It speaks to Nick Saban and his ability to adjust and retool that Alabama won their fifth National Title in nine years in 2017 despite a rash of injuries and a completely one-dimensional offense. Saban once more stares down some challenges with this 2018 edition, but the tools are also there for another highly successful year from college football's top dog. The offense should open up more and be very fun to watch, with a number of rising stars ready to show what they can do. On defense, there is some rebuilding needed to be done, but there is still potential and starpower everywhere. And then, there is the schedule, which is the most favorable it has been in some time. The opener with Louisville, who will be starting post-Lamar Jackson life in that one, looks like a surefire victory and the Tide get their biggest challenger in the West, Auburn, at home. There are enough holes to make me hesitant about picking the Tide to win yet another title under the leadership of Saban, but this team still looks like a serious contender. An SEC Title and fifth straight Playoff trip seems like the likely end result in Tuscaloosa.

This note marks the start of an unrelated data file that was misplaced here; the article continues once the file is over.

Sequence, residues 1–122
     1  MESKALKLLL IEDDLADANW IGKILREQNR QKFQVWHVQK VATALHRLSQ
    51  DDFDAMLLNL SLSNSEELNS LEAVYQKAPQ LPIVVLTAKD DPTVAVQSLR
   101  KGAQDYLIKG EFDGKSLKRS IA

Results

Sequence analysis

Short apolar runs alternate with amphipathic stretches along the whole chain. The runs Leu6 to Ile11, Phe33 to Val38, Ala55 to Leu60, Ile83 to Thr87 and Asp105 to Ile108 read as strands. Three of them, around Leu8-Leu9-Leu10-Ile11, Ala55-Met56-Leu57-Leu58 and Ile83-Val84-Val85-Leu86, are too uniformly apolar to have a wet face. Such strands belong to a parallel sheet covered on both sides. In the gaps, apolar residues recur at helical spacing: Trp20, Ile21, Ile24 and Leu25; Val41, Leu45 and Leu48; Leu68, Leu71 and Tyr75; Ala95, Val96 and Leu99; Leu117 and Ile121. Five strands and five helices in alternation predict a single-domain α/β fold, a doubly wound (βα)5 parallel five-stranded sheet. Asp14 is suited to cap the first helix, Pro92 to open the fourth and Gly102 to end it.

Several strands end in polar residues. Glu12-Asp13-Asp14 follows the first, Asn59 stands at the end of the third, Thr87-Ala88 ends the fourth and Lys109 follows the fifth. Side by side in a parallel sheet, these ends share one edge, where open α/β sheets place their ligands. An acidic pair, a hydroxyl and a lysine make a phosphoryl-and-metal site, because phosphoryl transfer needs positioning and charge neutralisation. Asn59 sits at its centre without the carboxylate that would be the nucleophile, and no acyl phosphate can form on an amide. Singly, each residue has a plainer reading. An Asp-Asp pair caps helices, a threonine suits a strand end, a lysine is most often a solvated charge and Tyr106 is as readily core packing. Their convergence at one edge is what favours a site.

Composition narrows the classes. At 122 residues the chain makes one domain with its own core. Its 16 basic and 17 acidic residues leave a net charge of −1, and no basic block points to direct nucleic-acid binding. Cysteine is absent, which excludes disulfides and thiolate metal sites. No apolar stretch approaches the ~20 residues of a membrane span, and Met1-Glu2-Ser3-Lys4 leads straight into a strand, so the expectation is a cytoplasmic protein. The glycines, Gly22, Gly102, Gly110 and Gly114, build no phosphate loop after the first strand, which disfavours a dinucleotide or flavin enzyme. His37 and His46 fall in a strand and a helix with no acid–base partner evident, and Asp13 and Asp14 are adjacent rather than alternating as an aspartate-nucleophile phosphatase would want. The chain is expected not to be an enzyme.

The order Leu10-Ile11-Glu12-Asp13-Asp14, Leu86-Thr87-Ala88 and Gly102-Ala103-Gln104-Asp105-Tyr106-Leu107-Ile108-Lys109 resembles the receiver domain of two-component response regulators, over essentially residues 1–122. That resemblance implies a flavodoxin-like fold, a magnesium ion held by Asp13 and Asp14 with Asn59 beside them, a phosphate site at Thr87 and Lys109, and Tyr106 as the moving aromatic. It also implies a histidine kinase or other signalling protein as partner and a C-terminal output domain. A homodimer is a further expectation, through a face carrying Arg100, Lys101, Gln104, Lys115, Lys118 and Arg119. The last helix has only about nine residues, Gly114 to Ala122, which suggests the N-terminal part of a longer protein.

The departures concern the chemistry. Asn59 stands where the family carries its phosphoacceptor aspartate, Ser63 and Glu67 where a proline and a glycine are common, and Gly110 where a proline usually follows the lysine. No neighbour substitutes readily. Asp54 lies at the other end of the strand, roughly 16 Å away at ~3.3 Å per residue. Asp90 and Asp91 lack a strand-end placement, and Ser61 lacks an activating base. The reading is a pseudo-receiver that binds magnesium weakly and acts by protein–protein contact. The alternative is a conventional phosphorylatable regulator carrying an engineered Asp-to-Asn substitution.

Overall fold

Team Projections
Projected Record: 12-1 (7-1 SEC, Win SEC Championship Game)
Offensive MVP: RB Damien Harris
Defensive MVP: DL Raekwon Davis
Breakout Player of the Year: WR Jerry Jeudy